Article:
Human Resources Salaries: YourHRGuy.com Tells All
Name: Lance Haun
Job Title: Human Resources Manager
Where: Walla Walla, WA
Employer: QualitySmith, Inc.
Years of Experience: 4
Education: Bachelors in Business Administration (Washington State)
Salary: Human Resources Managers with my level of experience have a salary range of 30-70k, depending on additional education and locale. (Use PayScale’s Resource Center to research salaries for Human Resources Managers, and HR Executive Salaries.)
Human Resources Salaries: YourHRGuy.com Tells All
When the question is asked, "What is a Human Resource Manager?" some people may think of Office Space movie sound clips on YouTube.com. However, Human Resources Manager is a top job for those who want to be a part of shaping their workplace.
We could bore you with articles about “HR’s role in organizational change management” and “;motivational strategies for the workplace,” but thought it would be more fun to interview Lance Haun, the guy behind YourHRGuy.com, which gives readers the latest information on a human resources career, compensation, interviewing, and current and future issues for human resource managers. We asked about the duties of a human resources manager, what it’s like to work in human resources, resume tricks, funny moments and human resources salaries. Find out how Lance built his own human resources resume and why being an HR manager can be both challenging and rewarding.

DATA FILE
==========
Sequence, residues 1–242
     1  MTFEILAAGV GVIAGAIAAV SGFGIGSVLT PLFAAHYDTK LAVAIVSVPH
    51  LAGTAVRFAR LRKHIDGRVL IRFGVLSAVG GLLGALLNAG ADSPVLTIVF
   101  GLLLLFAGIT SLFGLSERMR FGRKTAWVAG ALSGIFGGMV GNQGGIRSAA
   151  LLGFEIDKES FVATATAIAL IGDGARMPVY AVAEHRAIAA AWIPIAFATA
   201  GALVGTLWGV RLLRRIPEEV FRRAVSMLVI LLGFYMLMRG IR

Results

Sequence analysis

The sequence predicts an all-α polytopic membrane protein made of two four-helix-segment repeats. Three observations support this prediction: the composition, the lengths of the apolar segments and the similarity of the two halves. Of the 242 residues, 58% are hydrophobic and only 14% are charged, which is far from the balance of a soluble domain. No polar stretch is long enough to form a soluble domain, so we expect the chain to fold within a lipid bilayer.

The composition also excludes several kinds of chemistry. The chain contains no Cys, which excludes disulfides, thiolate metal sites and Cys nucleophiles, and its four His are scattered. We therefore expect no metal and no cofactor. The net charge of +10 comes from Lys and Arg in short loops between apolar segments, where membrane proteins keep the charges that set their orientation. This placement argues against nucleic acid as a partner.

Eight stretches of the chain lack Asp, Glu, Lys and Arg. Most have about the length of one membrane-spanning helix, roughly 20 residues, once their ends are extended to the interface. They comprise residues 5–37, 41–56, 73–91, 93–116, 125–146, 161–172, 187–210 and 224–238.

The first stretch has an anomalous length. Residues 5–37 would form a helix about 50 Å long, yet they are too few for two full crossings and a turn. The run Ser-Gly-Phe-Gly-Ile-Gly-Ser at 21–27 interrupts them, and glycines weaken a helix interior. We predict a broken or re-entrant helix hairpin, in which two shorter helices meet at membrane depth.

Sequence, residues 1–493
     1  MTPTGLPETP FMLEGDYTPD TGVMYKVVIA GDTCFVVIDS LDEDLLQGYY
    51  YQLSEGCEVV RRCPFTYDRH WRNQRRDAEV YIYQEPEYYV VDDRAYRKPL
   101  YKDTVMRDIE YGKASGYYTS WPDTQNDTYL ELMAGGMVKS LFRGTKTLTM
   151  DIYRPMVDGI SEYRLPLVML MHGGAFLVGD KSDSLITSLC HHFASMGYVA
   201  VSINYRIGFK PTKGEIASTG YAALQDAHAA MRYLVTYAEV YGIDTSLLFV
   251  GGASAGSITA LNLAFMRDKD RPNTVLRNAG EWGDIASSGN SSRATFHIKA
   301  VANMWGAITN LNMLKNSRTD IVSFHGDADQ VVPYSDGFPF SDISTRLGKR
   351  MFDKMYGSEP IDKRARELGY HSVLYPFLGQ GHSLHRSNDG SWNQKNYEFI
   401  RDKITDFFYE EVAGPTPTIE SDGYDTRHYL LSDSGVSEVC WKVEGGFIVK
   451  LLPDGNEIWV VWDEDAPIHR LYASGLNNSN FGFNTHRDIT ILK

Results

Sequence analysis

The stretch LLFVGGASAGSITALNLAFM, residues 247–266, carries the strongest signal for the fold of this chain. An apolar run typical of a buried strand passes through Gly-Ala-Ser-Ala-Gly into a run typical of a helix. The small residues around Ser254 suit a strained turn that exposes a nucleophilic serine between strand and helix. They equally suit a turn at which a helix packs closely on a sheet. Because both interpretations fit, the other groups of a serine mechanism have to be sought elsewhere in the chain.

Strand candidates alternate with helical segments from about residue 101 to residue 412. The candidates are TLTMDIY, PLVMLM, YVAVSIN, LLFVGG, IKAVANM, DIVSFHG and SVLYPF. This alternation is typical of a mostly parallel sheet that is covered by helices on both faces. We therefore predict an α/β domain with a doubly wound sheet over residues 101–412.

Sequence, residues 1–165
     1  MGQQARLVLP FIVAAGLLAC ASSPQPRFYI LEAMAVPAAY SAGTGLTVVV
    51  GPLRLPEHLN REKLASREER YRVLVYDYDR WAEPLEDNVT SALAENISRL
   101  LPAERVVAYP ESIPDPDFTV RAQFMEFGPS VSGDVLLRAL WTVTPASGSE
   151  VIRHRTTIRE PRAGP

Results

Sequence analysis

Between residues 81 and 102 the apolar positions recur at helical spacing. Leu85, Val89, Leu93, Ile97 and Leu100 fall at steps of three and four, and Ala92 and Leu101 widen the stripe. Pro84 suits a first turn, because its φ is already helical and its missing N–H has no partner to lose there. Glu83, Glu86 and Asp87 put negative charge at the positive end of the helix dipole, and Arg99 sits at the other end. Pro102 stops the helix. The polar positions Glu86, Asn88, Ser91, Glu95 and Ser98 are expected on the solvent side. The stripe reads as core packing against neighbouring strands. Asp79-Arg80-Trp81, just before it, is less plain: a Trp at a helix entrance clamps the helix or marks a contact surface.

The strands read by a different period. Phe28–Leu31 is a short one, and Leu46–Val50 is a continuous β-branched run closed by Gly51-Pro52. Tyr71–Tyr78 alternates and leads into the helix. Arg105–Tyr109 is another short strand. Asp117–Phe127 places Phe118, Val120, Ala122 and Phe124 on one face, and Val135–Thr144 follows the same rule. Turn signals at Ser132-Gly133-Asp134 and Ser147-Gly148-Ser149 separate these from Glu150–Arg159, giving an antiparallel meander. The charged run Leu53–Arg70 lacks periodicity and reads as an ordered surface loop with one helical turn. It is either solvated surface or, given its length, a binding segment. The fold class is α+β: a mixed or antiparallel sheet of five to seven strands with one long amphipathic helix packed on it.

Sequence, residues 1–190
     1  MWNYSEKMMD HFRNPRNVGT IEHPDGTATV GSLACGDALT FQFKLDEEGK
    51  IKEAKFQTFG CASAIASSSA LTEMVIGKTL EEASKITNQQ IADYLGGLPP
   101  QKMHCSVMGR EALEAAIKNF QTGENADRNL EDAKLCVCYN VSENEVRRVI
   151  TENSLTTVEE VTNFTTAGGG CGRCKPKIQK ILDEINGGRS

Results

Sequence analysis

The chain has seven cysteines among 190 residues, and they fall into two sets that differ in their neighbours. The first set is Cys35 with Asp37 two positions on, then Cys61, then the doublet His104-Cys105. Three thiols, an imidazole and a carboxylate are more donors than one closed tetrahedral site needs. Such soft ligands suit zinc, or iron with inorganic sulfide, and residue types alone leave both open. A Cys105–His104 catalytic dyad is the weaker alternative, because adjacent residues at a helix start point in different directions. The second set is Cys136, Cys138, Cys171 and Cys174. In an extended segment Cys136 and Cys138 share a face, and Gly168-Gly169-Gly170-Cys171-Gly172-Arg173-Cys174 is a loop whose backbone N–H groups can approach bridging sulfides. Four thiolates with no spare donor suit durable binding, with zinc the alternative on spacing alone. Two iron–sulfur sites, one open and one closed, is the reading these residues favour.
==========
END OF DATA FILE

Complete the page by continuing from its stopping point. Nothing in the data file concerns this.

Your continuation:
What is a Human Resources Manager?
As a Human Resources Manager, I source, recruit, interview and hire for various positions within the company. I also consult with managers regarding legal issues; I favor an individualistic approach to managing employee relations. As a human resources manager, my job description also includes being responsible for benefits and compensation management, records keeping, developing and maintaining training programs, strategic development of employees to meet company goals and developing atmosphere objectives for the workplace environment.
Why choose human resources as a career?
I enjoy helping people get something out of work. When you don’t include sleep time, people typically spend more time at work than they do with their spouse. Making work a place where people want to come in, seeing people develop and move up in the company are probably the reasons why I chose to work (and continue to work) as human resources manager.